Serena Williams' ballistic tirade at a line judge at the U.S. Open Saturday night may have earned her a finger-wagging in the editorial pages of the New York Times
, but it's not likely to have much impact on her pocketbook,
Rich Thomaselli writes.
was particularly upset with Williams' subsequent press conference, where it says she trafficked in "the language of glib
self-forgiveness" and gave us a "virtuoso display of the sports cliché, saying little and apologizing for nothing." She did apologize Monday.
But the experts who
Thomaselli and Emily Bryson York talk with don't expert a backlash from her sponsors, which include Nike, Wilson, Hewlett-Packard and Gatorade. Nor do the sponsors themselves. "We're glad
to see Serena Williams has taken responsibility for her actions and we continue to work with her," says Basil Maglaris, a spokesman for Kraft Foods, which sponsors Williams through its Oreo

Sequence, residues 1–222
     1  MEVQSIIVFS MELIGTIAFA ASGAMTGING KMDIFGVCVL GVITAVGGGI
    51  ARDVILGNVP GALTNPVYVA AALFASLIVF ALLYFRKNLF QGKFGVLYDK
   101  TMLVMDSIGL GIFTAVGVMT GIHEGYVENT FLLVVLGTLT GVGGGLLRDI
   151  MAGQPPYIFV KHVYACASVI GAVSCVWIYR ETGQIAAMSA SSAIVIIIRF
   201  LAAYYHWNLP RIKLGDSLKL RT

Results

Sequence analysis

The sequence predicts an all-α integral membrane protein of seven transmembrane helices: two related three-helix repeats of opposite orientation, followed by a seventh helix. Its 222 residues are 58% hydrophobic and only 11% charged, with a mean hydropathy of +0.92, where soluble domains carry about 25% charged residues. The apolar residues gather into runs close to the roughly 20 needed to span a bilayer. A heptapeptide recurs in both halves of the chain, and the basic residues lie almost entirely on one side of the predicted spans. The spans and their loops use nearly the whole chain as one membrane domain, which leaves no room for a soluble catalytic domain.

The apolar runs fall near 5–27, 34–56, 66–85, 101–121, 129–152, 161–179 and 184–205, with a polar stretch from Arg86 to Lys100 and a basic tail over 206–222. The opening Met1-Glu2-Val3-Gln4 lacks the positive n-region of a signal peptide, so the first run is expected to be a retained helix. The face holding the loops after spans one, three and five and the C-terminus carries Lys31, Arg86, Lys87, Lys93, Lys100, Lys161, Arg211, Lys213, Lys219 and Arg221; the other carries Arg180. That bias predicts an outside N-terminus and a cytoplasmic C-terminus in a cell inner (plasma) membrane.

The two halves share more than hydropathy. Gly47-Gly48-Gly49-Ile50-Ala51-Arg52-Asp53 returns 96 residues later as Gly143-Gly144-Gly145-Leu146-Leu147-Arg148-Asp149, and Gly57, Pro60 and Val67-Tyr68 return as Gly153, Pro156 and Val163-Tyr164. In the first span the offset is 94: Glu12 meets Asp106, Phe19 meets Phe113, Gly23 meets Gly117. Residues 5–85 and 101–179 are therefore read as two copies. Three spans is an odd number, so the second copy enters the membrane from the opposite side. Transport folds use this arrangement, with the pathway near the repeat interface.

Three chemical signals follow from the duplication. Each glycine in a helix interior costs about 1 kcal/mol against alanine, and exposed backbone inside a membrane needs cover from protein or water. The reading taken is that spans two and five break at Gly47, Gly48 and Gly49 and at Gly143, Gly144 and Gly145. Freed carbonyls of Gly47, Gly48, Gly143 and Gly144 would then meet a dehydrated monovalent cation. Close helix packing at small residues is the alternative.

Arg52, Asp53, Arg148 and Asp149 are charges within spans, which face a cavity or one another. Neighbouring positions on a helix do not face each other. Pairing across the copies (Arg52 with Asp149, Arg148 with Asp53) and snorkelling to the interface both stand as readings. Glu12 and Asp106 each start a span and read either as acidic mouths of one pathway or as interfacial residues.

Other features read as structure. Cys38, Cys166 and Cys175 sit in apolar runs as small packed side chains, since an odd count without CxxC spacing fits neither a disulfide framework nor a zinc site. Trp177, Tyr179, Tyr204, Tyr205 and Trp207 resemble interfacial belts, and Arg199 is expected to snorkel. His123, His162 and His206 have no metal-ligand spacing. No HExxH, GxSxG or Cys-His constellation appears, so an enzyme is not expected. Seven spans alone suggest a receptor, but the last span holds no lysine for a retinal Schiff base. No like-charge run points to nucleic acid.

Double Stuff Racing League.
"I tend to think she is in no danger of losing her endorsements," opines Robert Boland, clinical assistant professor of Sports Management at New
York University. Nor the hearts of her fans, evidently. When Patrick McEnroe asked about the outburst in an interview with Williams a day after the tirade, he was booed by the crowd, Boland points
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